For many of us, a home is the most significant investment we will make in our lifetime. It goes without saying, that finances play a huge role in what we can afford to buy or build, but, if you will bear with me by remembering that some of the most fetching structures are often humble little dwellings, we can put finances aside to pose the question: What does our investment say about us and how does it reflect our specific circumstances and location?
I’m afraid that all too many homeowners today purchase or build homes that are unresponsive to their site and express little about who they are. As a result, we have many homogenized neighborhoods where each home is only a slight variation of its neighbor and orientation based on density or how to access the garage as opposed to any environmental or personal considerations. There is little evidence of the circumstances unique to the individual owners and surroundings.
As an architect, I am encouraged by clients who seek to build or purchase a home that aligns more closely with their unique values, that is, their specific histories, how they view the world and how they want to relate to their surroundings. These folks want their home to say something about their intentions. Their determination has generated meaningful design solutions that resonate with all of us.
Some of their personal design choices are comprehensive, such as, how to orient the home and living spaces into its surroundings to take advantage of natural lighting, specific views, prevailing winds, existing vegetation, surrounding structures, site contours and whether they want to “dominate” or ”merge” into their surroundings. Some choices are small, such as, lowering a window for a pet, or adding a nook to display a cherished possession. Each deliberate design choice becomes a tangible expression of who they are. They not only project a potent message to others about their intentions but these personal solutions also bind them more closely to their home and the investment they’ve made.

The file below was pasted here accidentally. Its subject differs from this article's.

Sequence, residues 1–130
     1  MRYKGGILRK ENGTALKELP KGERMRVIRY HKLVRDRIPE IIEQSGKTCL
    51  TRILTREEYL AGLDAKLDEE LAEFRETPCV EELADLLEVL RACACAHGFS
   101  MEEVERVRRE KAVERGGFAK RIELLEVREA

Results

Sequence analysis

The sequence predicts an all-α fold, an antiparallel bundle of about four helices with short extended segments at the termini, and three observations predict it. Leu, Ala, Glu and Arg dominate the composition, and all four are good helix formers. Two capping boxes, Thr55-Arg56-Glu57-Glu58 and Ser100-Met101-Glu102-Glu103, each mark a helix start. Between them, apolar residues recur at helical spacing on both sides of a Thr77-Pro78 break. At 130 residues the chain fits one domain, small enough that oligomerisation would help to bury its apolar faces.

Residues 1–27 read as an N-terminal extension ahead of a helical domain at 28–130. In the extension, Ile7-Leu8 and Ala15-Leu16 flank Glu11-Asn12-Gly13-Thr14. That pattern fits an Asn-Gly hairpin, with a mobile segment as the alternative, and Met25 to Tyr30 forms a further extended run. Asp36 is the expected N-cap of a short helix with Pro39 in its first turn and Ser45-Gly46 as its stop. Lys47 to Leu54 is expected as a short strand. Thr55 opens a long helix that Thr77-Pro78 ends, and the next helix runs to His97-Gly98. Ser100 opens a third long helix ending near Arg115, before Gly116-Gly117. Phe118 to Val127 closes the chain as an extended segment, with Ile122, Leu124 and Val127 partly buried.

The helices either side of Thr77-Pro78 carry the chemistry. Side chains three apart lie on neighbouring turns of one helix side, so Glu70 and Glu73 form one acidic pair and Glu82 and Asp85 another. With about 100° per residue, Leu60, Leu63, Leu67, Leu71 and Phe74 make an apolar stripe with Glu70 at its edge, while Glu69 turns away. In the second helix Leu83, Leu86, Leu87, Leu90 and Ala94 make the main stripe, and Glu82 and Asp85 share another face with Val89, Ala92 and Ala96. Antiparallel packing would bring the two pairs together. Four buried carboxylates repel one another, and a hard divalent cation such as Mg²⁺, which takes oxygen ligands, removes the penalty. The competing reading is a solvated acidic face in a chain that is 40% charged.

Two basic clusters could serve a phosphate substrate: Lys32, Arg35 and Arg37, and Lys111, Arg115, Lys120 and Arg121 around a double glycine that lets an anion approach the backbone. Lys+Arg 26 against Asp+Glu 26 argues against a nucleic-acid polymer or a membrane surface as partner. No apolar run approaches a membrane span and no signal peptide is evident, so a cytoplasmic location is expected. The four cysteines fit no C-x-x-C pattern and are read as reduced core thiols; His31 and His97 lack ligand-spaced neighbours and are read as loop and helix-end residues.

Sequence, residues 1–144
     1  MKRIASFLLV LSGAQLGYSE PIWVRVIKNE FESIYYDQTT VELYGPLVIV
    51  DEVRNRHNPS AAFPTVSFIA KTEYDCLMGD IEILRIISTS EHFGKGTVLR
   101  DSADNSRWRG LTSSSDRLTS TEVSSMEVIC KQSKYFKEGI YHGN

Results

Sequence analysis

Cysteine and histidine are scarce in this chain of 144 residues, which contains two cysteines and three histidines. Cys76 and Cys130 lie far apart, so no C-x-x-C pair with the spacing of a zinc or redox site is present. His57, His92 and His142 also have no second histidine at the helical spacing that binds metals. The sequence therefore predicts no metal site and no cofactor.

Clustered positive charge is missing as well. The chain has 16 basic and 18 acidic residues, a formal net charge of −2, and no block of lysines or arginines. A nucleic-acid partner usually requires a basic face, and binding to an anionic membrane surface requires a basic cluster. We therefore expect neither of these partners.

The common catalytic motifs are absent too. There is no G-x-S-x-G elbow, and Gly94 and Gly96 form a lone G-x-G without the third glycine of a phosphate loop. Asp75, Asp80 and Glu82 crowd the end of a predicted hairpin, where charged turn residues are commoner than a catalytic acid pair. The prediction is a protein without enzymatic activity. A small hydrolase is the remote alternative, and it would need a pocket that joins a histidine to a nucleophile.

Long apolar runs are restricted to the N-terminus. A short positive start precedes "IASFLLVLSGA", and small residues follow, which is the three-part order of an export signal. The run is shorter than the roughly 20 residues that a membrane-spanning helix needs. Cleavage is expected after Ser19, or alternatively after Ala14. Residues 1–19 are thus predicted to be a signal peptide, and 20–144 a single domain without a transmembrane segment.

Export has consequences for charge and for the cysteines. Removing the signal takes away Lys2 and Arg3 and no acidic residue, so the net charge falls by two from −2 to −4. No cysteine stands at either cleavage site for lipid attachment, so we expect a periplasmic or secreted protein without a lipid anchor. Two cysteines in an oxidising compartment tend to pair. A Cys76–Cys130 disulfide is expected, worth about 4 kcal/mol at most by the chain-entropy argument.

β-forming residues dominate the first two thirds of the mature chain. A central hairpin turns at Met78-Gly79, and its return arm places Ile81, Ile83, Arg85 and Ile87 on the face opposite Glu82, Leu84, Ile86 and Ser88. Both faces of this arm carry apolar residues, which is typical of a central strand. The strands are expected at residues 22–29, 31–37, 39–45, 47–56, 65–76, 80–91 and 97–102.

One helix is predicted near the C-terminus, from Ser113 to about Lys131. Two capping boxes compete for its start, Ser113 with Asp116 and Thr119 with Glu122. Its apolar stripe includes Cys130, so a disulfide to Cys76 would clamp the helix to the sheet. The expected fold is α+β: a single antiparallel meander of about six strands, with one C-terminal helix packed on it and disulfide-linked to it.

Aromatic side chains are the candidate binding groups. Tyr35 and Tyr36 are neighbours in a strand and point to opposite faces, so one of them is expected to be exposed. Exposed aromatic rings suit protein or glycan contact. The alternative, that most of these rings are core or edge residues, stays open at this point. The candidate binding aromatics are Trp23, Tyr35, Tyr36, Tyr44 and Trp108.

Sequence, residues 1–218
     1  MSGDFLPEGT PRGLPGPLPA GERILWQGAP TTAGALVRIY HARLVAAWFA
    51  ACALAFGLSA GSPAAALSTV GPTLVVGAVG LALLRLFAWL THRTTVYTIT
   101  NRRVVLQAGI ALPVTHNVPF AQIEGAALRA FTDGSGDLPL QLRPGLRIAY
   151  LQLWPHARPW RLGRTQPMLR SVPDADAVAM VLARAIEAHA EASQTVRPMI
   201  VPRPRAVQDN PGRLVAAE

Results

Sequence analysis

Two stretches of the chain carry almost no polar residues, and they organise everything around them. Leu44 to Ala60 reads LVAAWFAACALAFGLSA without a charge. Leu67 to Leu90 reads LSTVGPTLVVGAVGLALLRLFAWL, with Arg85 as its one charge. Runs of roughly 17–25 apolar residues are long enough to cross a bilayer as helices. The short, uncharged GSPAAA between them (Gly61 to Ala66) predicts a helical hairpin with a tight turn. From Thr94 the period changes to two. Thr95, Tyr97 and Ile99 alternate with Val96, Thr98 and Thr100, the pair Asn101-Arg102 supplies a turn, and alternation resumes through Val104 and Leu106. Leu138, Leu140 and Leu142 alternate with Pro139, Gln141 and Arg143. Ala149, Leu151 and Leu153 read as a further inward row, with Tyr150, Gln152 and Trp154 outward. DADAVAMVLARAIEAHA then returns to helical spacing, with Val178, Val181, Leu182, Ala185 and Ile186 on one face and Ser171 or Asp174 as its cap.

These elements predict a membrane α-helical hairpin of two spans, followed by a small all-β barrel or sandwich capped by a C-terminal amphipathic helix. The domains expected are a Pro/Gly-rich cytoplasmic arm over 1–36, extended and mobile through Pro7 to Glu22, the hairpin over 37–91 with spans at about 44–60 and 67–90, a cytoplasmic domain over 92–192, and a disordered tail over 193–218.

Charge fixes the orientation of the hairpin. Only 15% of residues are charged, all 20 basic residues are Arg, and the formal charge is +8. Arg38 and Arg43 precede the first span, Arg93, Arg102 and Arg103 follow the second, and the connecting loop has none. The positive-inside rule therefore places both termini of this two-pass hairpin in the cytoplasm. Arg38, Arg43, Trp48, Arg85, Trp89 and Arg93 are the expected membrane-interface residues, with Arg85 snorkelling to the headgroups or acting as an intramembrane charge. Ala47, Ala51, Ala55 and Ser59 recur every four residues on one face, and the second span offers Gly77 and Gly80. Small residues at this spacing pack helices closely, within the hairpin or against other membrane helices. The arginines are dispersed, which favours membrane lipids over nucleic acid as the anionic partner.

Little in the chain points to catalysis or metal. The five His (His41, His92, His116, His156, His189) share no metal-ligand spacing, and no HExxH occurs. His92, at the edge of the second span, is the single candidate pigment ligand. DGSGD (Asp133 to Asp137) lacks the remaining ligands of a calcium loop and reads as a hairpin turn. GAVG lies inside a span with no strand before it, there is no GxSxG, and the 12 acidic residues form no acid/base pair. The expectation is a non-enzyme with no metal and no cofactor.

I remember one small move made by a client who recognized the possibilities in a polished concrete floor. She had a silver serving-spoon from her grandmother who had passed away some years before. She realized that she could put the spoon in the concrete floor just below a kitchen counter she would use frequently. When the concrete was polished, the spoon emerged forever a constant reminder of times she spent cooking with her grandmother.
The same client thought to install a metal-lined slot in the concrete floor at the base of a wall seen by visitors as they enter the main living space. Depending on her whimsy and the season, she used the slot as a lap pool for a small exotic fish, a trough for miniature trees, or a rowdy assortment of colored balls. She continues to invent new displays to entertain herself and her guests.
I could share many, many examples of how my clients have enriched their homes by paying attention to and expressing their specific circumstances. There are far too many to note in a short blog post, but the following images show a few examples of personal design choices that serve as evidence.
1. Here a home steps down with the natural slope of the land. A cantilevered living room and waterfall beyond add a bit of theater for visitors from abroad.
2.& 3. These spaces indicate that attention was paid to take advantage of the angles and patterns of natural light.
4. This home in Michigan has a warmly light “informal” entry and low eaves that beckon to visitors.
5. This home has a bulletproof concrete façade that sends a message to a neighbor who likes to shoot.
6. This home “merges” demurely into its site. The owner didn’t want to intimidate his visitors.
7. & 8. The rebuilding and repurposing of an existing Puritan cottage here is connected to a shadowy modern portion of this home thus the design pays tribute to its historic neighborhood.
9. The stepped windows in this cottage “explain” that a stair leads to a lower level in this location.
10. This entry is at once welcoming and yet it expresses the owner’s highly developed artistic bent.
11. This owner loves to cook but wants his guests to participate, thus the open counters and comfortable stools.
12. Unlike traditional cabins, this one shows that the owners prefer uncluttered space, clean lines and honest material expression.
13. This biology professor’s writer’s cabin is intimate and cozy. It surrounds the writer with small comfortable niches and organic tree forms that meld with the restored prairie just outside the desktop windows.
14. The shelf just below this kitchen peninsula offers a softly light display for the owner’s own pottery. The lower than standard windows between the upper cabinets and counter shed light on the kitchen workspace.
15. This couple’s beloved elderly dog likes to be with the owner in the kitchen, but needs separation from the livelier social rooms. The sliding glass gate disappears into the counter wall when not in use.
16. Because of their heritage, this couple wanted to incorporate natural elements into their home. They also wanted a “napping bench” that overlooks a wetland. The whole-tree timbers support the roof. The bench is made from slabs of walnut harvested from the timber framer’s woods.
17. This owner has every copy of National Geographic Magazine published since he was a kid. He chose to display and share this collection with his many worldly guests.
18. Concrete is easily sculpted to house a candle nook in this poolside pavilion.